The disagreement is this: The Popcaks will often recommend--or at least take seriously--techniques for interacting with people that are jus that--techniques. Like using "I statements" instead of "you statements"--for instance, "I feel disrespected when you raise your voice at me," rather than "You're always yelling at me." Or trying to have a good ratio of positive to negative statements with your kids. For example, make sure there are at least four "Good job washing the dishes without causing a flood!" for every "Would you please quit sticking the scotch tape on the cat?"
Dr. Ray, on the other hand, sees such techniques as ways of complicating something very straightforward. People have been talking to each other for millennia without self-consciously employing these methodologies. A little common sense is a fine substitute for lots of this stuff.
I'm generally on Dr. Ray's side here. Sarcasm is my love language, and I have no patience for artificiality and affectation.
But I've come to take a brighter view of techniques, templates and scripts than I used to. Sometimes, in a conflict, it's both comforting and effective to not have to start from scratch. Not every word that comes out of your mouth needs to be spontaneous and "authentic." Sometimes, (especially if, like me, you don't really think well on your feet and are way more articulate in the seventh draft of a letter than you'll ever be in the heat of argument)--it's nice to have a game plan, a template--some way to move the conversation in a certain direction and help you remember not to take the bait, or get waylaid by irrelevant details or hot-button topics.
It occurs to me, too, that maybe it's not usually a question of authentic, spontaneous communication vs. rigid, artificial scripts anyway. The fact is, lots of us already revert unconsciously to our default scripts, our usual, inertia-driven patterns, whether they work or not. So maybe it's not really a question of shifting from spontaneity to script, but from one script to another.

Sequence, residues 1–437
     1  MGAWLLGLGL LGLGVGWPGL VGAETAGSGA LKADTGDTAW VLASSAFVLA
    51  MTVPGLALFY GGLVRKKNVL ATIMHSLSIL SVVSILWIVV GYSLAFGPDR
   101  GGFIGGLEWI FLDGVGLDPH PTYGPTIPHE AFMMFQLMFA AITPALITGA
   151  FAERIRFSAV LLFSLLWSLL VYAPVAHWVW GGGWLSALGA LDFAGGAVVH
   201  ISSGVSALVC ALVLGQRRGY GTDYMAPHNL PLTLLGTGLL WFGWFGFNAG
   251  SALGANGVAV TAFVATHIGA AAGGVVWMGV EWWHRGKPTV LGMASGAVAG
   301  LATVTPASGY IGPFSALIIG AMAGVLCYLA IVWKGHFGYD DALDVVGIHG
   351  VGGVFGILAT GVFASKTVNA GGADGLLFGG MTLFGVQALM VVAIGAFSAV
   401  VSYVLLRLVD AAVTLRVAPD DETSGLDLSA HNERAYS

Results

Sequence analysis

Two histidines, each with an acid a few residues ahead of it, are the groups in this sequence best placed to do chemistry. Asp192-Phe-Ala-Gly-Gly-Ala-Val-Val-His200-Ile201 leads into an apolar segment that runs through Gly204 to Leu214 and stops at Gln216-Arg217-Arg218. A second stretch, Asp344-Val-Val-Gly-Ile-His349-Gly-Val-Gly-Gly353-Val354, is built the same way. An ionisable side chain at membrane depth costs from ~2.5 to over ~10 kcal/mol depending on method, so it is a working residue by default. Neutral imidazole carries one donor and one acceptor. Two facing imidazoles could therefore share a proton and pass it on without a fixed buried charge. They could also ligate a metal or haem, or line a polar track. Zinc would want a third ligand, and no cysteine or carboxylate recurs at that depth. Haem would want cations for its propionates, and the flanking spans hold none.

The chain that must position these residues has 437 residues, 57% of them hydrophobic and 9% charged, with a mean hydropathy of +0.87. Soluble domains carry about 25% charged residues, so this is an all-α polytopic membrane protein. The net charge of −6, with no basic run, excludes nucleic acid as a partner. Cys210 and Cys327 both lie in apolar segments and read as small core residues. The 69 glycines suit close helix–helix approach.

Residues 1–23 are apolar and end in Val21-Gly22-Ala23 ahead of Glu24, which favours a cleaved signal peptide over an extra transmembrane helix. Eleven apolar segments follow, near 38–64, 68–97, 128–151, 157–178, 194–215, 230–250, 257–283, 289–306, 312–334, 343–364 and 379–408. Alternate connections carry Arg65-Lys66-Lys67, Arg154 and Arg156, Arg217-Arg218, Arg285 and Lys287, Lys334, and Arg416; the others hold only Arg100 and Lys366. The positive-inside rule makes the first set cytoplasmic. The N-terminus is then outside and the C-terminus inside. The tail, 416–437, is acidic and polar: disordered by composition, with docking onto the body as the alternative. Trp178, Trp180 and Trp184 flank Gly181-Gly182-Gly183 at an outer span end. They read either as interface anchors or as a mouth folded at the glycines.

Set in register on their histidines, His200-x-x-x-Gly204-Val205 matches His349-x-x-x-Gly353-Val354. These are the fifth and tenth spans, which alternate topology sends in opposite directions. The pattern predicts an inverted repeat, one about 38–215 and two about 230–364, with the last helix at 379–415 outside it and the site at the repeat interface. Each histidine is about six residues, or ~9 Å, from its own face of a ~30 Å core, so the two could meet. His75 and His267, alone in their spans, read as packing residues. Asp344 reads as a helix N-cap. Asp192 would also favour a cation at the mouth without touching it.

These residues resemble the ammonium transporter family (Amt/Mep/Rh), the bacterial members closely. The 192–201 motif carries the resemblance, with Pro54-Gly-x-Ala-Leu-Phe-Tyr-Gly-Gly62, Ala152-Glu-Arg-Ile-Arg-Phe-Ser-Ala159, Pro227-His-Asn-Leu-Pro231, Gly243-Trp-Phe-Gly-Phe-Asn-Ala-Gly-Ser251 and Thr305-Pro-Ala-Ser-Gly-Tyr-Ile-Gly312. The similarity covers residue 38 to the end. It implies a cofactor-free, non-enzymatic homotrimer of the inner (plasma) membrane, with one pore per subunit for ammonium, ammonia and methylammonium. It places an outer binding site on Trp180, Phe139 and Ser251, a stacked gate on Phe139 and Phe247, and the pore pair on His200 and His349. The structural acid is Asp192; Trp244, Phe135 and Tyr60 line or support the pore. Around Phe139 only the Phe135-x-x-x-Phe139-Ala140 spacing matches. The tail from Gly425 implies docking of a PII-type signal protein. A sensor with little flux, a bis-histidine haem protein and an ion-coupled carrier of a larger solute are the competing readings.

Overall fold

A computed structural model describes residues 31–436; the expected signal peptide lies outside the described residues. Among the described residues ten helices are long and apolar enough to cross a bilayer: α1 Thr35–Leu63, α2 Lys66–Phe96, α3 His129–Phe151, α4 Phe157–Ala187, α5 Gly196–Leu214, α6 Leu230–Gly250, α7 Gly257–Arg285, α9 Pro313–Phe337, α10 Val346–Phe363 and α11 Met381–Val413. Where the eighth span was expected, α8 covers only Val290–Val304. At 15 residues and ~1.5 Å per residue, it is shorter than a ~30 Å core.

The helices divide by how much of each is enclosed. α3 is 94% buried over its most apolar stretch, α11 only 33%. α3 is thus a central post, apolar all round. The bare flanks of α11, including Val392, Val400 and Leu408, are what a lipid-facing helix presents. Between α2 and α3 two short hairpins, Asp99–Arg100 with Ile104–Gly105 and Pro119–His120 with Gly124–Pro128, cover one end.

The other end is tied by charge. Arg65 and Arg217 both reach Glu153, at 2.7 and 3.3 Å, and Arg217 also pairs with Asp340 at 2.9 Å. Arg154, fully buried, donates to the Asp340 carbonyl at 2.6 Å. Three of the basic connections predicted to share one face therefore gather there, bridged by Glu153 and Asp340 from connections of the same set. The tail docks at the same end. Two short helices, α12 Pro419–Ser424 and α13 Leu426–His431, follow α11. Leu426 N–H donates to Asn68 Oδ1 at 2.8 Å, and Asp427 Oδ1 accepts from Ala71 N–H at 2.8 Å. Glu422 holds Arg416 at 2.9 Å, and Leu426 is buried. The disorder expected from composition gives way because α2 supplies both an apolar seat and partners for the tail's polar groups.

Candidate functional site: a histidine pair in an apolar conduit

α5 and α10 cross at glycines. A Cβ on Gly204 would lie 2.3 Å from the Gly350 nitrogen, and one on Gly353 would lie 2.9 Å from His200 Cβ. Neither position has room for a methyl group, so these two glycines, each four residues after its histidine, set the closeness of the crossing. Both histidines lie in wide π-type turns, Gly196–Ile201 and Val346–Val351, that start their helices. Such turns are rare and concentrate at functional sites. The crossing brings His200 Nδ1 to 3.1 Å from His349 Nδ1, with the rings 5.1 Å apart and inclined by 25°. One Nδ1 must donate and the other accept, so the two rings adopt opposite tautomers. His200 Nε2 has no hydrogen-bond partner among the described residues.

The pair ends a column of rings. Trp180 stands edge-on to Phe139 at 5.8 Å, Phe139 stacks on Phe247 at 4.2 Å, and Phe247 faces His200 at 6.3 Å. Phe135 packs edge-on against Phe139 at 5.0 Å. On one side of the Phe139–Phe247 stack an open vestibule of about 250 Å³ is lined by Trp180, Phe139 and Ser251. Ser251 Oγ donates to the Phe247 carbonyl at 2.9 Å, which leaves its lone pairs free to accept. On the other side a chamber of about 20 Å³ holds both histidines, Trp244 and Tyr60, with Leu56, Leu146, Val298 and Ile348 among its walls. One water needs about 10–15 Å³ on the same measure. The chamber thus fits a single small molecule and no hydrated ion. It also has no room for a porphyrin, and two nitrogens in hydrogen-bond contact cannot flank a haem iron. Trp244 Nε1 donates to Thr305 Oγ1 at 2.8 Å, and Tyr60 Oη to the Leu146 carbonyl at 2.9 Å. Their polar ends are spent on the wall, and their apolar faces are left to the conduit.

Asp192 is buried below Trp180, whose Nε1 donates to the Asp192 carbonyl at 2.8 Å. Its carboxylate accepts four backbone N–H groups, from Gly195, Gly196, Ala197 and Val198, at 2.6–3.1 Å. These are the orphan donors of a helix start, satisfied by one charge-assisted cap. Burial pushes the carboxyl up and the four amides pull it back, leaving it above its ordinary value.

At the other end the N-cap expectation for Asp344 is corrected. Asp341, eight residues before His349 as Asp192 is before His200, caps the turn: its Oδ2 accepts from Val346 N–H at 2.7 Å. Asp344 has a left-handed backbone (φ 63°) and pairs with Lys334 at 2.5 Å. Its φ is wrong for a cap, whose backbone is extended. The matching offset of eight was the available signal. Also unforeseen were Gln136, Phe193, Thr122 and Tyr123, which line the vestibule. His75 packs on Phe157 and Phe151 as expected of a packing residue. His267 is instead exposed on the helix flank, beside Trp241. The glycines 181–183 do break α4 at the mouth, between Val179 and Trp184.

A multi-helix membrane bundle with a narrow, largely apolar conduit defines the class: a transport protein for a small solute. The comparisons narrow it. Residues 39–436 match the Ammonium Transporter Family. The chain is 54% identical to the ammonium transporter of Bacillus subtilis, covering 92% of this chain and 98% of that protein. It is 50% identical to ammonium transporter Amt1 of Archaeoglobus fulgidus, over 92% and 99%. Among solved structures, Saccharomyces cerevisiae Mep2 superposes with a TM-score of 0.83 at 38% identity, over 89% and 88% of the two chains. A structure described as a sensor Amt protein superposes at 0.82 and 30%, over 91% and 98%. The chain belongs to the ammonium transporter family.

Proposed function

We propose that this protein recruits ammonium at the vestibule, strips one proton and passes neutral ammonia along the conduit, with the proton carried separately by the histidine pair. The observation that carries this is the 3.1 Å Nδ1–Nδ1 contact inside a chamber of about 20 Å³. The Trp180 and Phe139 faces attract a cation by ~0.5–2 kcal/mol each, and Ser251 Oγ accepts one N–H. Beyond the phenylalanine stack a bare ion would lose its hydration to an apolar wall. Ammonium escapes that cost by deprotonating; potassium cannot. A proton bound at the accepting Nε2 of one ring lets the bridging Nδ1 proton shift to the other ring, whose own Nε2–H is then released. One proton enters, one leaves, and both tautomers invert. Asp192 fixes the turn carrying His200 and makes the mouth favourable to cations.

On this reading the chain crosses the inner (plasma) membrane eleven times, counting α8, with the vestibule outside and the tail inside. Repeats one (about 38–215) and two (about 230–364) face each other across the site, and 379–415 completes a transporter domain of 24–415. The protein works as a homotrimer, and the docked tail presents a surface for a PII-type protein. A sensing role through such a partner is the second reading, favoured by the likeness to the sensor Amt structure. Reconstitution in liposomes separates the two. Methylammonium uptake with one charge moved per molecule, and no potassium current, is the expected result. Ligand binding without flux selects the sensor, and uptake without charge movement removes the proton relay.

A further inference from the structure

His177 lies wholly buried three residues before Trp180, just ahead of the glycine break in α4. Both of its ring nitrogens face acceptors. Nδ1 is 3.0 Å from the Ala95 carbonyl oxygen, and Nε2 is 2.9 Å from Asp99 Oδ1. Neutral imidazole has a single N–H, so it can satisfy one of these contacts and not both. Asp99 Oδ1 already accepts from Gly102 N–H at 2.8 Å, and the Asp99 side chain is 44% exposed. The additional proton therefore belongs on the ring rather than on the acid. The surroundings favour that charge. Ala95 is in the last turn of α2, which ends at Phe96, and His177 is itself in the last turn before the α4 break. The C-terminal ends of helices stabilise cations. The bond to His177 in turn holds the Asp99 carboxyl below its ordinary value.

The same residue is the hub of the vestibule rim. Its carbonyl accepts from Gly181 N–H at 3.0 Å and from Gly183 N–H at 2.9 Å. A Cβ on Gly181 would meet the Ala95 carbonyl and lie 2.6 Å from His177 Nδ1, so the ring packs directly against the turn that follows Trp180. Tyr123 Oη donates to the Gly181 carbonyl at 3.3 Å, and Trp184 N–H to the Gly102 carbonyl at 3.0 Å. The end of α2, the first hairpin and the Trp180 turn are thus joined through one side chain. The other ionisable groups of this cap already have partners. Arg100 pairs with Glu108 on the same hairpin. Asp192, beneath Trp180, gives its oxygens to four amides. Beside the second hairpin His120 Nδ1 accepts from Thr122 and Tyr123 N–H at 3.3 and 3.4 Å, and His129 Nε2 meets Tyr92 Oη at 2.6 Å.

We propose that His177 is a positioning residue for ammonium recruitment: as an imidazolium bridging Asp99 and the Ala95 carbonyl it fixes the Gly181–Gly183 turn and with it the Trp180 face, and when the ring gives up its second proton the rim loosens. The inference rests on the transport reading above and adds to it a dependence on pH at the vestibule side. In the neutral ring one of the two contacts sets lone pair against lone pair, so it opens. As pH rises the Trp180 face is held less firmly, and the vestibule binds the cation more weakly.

Lack of spontaneity, then, is not necessarily a problem.
The second misgiving I had about such techniques is that they seem manipulative. But my friend, Teresa Reimers Stringham, has helped me take a closer look at that assumption. What do I even mean by "manipulation"? Is every instance of trying to get someone to feel or do something "manipulation"? Or only when you have ulterior motives? When we use these techniques, are we inevitably acting like advertisers, trying to evoke the desired response in a person so that they hand over their money, or something else that I want to get out of them?
Teresa points out that "I statements" reflect the truth that "we can't control what others do, but we can control and own how we respond to it." Using such techniques "is manipulative in the sense that we want to affect behavior." But it need not be devious or malicious. Seeking to affect other people's emotions--or even your own--is not necessarily a bad thing.
Then, too, a conversational technique can be good for your self-knowledge. For example, if I were to decide to start aiming for four positive statements for every negative one in my conversation with my kids, I would no doubt be shocked at my current ratio.
So I'm sure you'll still find me spontaneously telling my kids what I think of the way they put their socks in the fruit bowl. But theoretically, I've gotten very open-minded.